Civil Action No. 1:06-519-JRM.

542 F.Supp.2d 448 (2008)

Llewellyn DUNBAR, Plaintiff, v. FOOD LION, Defendant.

United States District Court, D. South Carolina.

Attorney(s) appearing for the Case

Llewellyn Dunbar, pro se.

Christine A. Samsel, Heidi L. Gunst, Akin Gump Strauss Hauer & Feld, LLP, Washington, DC, Shahin Vafai, Gignilliat, Savitz & Bettis, LLP, Columbia, SC, for Defendant.


JOSEPH R. McCROREY, United States Magistrate Judge.

Pro se plaintiff, Llewellyn Dunbar ("Dunbar"), filed his complaint on February 21, 2006, alleging that his former employer, Food Lion, terminated him because of his race in violation of Title VII.1 He also alleges that the termination breached a contract between him and Food Lion and that the breach was accompanied by a fraudulent act. Food Lion filed a motion for summary judgment on March 3, 2007, supported by a copy of the transcript of Dunbar's deposition and a declaration of Felicia Eagle, Human Resources/EEO Manager of Food Lion, LLC. Because Dunbar is pro se, an order pursuant to Roseboro v. Garrison, 528 F.2d 309 (4th Cir.1975) advising him of his responsibility to respond to the motion for summary judgment was filed on March 6, 2007. When Dunbar failed to respond, a second order was addressed to him giving him 15 days to advise the court whether or not he wished to continue to pursue his case. The court received a response from Dunbar on July 5, 2007, indicating that he wished to proceed, but he provided no response to the arguments contained in Food Lion's motion for summary judgment.

Standard for Summary Judgment

A party's failure to respond does not automatically entitle the moving party to summary judgment. As the Fourth Circuit stated in Custer v. Pan American Life Ins. Co., 12 F.3d 410, 416 (4th Cir.1993),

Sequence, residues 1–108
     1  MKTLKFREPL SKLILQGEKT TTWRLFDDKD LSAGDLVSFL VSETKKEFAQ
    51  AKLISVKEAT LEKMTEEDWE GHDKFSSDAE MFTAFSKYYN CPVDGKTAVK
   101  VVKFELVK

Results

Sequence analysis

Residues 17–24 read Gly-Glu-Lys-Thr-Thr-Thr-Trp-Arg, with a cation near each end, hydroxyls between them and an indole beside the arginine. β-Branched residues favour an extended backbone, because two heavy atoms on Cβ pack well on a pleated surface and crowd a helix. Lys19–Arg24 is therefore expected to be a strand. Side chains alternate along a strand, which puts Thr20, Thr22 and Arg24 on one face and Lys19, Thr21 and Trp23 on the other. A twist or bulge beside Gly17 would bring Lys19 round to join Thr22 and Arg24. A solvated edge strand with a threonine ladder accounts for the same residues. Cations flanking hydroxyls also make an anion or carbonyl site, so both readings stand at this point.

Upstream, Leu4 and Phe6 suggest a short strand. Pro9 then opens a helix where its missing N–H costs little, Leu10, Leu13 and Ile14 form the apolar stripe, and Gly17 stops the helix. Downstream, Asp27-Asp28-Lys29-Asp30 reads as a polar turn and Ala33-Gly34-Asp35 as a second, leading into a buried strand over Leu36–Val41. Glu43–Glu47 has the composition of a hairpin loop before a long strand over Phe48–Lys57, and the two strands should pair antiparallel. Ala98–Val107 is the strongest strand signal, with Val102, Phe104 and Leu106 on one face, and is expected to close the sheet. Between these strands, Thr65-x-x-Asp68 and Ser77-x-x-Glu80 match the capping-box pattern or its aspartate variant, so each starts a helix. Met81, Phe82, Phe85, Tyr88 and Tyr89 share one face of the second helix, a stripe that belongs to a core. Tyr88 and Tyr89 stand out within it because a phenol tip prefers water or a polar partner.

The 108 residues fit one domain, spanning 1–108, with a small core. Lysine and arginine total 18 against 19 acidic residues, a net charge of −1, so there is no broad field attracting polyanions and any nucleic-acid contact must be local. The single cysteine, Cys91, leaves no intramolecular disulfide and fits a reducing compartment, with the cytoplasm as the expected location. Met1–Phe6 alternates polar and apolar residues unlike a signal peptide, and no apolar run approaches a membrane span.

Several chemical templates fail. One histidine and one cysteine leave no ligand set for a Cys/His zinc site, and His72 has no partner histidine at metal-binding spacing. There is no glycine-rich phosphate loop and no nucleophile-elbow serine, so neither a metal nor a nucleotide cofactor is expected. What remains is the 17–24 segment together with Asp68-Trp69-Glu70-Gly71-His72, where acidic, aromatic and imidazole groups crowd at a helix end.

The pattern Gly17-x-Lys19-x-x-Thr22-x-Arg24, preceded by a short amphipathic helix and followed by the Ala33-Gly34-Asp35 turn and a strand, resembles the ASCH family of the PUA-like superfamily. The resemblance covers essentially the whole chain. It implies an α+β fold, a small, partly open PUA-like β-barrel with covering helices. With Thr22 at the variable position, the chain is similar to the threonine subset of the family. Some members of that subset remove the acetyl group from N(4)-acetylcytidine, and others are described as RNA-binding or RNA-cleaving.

failure to respond, however, does not fulfill the burdens imposed on moving parties by Rule 56. Section (c) of Rule 56 requires that the moving party establish, in addition to the absence of a dispute over any material fact, that it is "entitled to a judgment as a matter of law." Fed.R.Civ.P. 56(c). Although the failure of a party to respond to a summary judgment motion may leave uncontroverted those facts established by the motion, the moving party must still show that the uncontroverted facts entitled the party to "a judgment as a matter of law." The failure to respond does not automatically accomplish this. Thus, the court, in considering a motion for summary judgment, must review the motion, even if unopposed, and determine from what it has before it whether the moving party is entitled to summary judgment as a matter of law.

Under this standard, the court is required to conduct an independent examination of the record to ascertain the existence, or absence, of genuine issues of material facts. Campbell v. Hewitt, Coleman & Assoc., Inc., 21 F.3d 52 (4th Cir. 1994). In this regard, the court must review the "record of filed depositions, answers to interrogatories, admissions, and affidavits" to determine whether there are material facts in dispute. Id. at 55-56. The moving party may discharge its duty by producing uncontroverted evidence and by arguing that there "is an absence of evidence by which the nonmovant can prove his case." Cray Communications, Inc. v. Novatel Computer Sys., Inc., 33 F.3d 390, 393-94 (4th Cir.1994), (quoting 10A Charles Alan Wright, Arthur R. Miller & Mary Kay Kane, Federal Practice and Procedure § 2720, at 10 (2d ed. Supp. 1994)), cert. denied, 513 U.S. 1191, 115 S.Ct. 1254, 131 L.Ed.2d 135 (1995).